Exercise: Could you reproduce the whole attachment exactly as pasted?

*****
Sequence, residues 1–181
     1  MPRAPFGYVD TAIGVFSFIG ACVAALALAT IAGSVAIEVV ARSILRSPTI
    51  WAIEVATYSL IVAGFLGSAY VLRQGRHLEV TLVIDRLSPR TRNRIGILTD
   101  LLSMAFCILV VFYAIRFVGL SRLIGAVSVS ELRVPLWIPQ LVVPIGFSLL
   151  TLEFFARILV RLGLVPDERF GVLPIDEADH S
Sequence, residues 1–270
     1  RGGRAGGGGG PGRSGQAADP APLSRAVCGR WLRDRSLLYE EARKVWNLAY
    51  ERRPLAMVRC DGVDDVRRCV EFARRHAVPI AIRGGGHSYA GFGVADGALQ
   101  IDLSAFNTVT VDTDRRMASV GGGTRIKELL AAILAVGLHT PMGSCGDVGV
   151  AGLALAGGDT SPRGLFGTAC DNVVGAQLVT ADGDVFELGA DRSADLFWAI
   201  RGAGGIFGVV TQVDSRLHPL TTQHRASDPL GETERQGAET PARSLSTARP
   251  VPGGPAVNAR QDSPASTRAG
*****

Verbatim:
Sequence, residues 1–181
     1  MPRAPFGYVD TAIGVFSFIG ACVAALALAT IAGSVAIEVV ARSILRSPTI
    51  WAIEVATYSL IVAGFLGSAY VLRQGRHLEV TLVIDRLSPR TRNRIGILTD
   101  LLSMAFCILV VFYAIRFVGL SRLIGAVSVS ELRVPLWIPQ LVVPIGFSLL
   151  TLEFFARILV RLGLVPDERF GVLPIDEADH S
Sequence, residues 1–270
     1  RGGRAGGGGG PGRSGQAADP APLSRAVCGR WLRDRSLLYE EARKVWNLAY
    51  ERRPLAMVRC DGVDDVRRCV EFARRHAVPI AIRGGGHSYA GFGVADGALQ
   101  IDLSAFNTVT VDTDRRMASV GGGTRIKELL AAILAVGLHT PMGSCGDVGV
   151  AGLALAGGDT SPRGLFGTAC DNVVGAQLVT ADGDVFELGA DRSADLFWAI
   201  RGAGGIFGVV TQVDSRLHPL TTQHRASDPL GETERQGAET PARSLSTARP
   251  VPGGPAVNAR QDSPASTRAG